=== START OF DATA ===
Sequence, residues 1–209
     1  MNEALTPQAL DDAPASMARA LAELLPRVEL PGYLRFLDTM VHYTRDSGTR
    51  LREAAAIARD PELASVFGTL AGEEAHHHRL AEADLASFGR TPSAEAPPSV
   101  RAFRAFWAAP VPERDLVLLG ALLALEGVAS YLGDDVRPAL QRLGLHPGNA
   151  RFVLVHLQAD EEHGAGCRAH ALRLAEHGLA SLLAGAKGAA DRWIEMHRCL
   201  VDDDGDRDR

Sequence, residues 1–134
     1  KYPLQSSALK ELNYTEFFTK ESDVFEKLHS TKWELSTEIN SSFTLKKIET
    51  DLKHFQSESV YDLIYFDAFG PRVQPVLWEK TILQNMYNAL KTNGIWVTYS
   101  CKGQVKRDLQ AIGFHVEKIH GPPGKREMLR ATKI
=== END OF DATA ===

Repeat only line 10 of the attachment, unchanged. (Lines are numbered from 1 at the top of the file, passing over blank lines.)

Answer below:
   101  CKGQVKRDLQ AIGFHVEKIH GPPGKREMLR ATKI